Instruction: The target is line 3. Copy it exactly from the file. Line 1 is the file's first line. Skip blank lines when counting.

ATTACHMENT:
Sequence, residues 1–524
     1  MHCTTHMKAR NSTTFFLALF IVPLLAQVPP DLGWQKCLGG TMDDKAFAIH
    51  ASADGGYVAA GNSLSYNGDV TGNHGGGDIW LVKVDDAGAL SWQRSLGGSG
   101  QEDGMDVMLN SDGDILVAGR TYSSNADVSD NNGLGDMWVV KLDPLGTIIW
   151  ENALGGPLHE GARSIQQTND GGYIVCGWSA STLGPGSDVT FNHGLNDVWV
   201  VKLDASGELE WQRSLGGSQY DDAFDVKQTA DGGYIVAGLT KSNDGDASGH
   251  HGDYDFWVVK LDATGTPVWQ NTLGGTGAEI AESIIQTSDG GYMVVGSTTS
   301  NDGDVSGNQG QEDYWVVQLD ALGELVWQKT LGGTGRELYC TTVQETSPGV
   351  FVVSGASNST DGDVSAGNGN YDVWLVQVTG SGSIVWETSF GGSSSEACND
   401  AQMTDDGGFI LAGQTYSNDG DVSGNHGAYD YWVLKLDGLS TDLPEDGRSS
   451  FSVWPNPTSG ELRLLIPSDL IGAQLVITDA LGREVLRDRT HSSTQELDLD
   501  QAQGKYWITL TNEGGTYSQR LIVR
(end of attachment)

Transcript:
    51  ASADGGYVAA GNSLSYNGDV TGNHGGGDIW LVKVDDAGAL SWQRSLGGSG